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1002:3.1
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Gifts and commodities

Gifts and commodities

Ryan Schram

Mills 169 (A26)

ryan.schram@sydney.edu.au

Monday, August 14, 2017

Available at http://anthro.rschram.org/1002/3.1

Reciprocity and the system of total services

  • Mauss's theory of reciprocity as an obligation is one of the most influential theories of society.
  • The gift entails three obligations: to give, to receive, and to reciprocate.
  • The gift has obligations because societies are more than the some of their parts. A society consists of people who are interdependent on each other.
  • All societies in some way impose the three obligations of reciprocity on their members, even if they don't realize it.

This holistic model of a social system is also a very useful lens for understanding contemporary societies. This week, I'd like to develop these three ideas:

  • A social system creates separate spheres of exchange.
  • The spheres of exchange in one society determine how people understand new ways of exchange.
  • Many societies opt for 'develop-man' instead of 'development'.

Gifts have spirit

For Mauss, the Maori word hau means the “spirit of the thing given.” When someone gives a gift, they give part of themselves. “The hau wishes to return to its birthplace” (Mauss 2000 [1925]: 12).

What if...?

What if we lived in a world in which everything was a gift, and everything possessed a hau?

Spheres of exchange

Many societies organize objects into distinct, ranked spheres of exchange

  1. Women as wives
  2. Prestige items: brass rods, tugudu cloth, slaves
  3. Subsistence items: food, utensils, chickens, tools

Some things, like land, cannot be exchanged for anything, but are inherited.

Relationships can be organized into spheres, too

We can take the idea of spheres of exchange and apply it to the different ways people exchange:

  • Kula valuables (bagi, mwali) are a sphere of exchange. These objects can only be exchanged for each other, and not for anything else.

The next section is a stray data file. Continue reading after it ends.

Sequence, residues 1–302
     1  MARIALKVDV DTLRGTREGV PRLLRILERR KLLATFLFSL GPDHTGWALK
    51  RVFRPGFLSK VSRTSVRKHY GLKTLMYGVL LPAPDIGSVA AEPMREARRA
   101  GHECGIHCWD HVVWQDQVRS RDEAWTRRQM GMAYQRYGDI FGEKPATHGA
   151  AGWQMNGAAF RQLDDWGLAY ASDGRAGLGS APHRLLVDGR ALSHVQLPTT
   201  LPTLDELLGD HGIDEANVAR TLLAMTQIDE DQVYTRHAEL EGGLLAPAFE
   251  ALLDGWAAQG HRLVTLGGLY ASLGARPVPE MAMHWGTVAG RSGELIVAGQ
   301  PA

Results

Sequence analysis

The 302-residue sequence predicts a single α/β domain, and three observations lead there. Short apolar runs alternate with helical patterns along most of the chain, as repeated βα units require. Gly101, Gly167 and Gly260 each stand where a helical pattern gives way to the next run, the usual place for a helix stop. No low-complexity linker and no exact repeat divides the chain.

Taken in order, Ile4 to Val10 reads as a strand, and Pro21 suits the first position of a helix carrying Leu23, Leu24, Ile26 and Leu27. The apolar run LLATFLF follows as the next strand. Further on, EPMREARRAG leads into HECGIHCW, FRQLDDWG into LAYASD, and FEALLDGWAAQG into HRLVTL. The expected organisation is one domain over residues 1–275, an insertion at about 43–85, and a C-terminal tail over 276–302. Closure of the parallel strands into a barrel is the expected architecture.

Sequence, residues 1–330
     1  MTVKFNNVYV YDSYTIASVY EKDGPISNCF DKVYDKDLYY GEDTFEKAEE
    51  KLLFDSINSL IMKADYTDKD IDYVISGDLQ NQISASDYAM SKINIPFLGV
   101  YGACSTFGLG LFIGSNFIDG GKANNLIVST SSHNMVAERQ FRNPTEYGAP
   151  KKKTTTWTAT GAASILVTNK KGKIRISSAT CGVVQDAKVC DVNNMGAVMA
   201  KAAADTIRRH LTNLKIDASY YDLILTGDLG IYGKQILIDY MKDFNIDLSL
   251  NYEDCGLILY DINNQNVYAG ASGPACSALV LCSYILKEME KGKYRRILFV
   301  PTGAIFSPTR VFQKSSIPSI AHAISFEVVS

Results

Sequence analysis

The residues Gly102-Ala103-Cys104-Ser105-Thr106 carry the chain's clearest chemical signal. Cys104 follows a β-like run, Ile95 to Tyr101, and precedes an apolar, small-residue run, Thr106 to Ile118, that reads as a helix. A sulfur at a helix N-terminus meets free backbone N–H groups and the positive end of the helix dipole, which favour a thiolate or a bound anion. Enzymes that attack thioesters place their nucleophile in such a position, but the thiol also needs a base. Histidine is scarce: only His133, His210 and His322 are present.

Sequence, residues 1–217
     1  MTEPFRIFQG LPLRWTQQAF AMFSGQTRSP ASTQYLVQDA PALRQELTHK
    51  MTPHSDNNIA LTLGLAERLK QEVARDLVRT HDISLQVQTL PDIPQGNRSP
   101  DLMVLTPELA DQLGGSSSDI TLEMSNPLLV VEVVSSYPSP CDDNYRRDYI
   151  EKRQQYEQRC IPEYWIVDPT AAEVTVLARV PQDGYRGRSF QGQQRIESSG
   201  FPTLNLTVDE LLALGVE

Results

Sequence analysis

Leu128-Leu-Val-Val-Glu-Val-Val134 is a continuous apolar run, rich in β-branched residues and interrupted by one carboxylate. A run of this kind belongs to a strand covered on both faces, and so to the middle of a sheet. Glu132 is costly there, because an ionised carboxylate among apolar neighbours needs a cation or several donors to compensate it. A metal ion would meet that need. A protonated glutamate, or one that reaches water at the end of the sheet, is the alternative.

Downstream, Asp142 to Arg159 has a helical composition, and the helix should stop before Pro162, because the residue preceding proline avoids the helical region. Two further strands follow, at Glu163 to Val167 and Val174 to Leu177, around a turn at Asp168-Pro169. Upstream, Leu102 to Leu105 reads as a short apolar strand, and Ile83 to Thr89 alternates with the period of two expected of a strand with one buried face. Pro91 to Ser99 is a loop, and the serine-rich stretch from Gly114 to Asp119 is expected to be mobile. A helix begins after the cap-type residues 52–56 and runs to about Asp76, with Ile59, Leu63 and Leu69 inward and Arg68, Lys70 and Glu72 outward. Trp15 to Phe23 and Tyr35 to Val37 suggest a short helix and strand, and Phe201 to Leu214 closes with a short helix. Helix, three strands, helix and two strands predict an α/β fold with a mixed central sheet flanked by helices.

• Moreover, one only does kula with certain kula partners, and one must keep one's kula exchanges separate from other kinds of exchanges with other people, like barter.

The ikpanture relationship is sphere of exchange

Piot describes the relationship among ikpanture (friends).

  • The way you treat your ikpanture is distinct from the way you treat other people. The relationship comes with certain rules.
  • Ikpanture give each other the same kinds of things people buy and sell with others, but they must adhere to the rules of the social institution of ikpanture. The things are not kept separate, but the rules for exchanging them are linked to the people involved in the exchange.
  • One relies on ikpanture to meet one's needs, but this is not always the easiest or cheapest way to meet needs.
  • Ikpanture relationships are not quid pro quo.

Two points about spheres

  1. In spite of predictions to the contrary, money does not collapse all spheres into one market. Often money exchanges are placed in their own sphere.
  2. Western and “modern” societies think of themselves as being dominated by money, but if you think about it, these societies have spheres of exchange too, and worry about maintaining the boundaries between spheres.

Moral limits on exchange

Gift systems are not static or unchanging. They adapt to contact with colonial power, money, and markets. They do so in different ways.

One way is by quarantining money and market exchange. For instance,

  • Auhelawa market food but consider buying food to be shameful, especially seeds.
  • In the past, Wedau people earned money from selling copra, and bought steel tools, but prohibited the use of steel tools in gardens.

When a gift system meets a commodity system

When a society organized on the basis of gifts encounters a globalizing capitalist market, many different outcomes are possible. In the next lecture and next week, we will look at other possible responses:

  • Separation, tension, and conflict
  • Efflorescence
  • Transformation

References

Bohannan, Paul. 1955. “Some Principles of Exchange and Investment among the Tiv.” American Anthropologist, New Series, 57 (1): 60–70.

Mauss, Marcel. 2000 [1925]. The Gift: The Form and Reason for Exchange in Archaic Societies. Translated by W. D. Halls. New York: W. W. Norton & Company.

A guide to the unit

1002/3.1.txt · Last modified: 2017/08/13 16:30 by ryans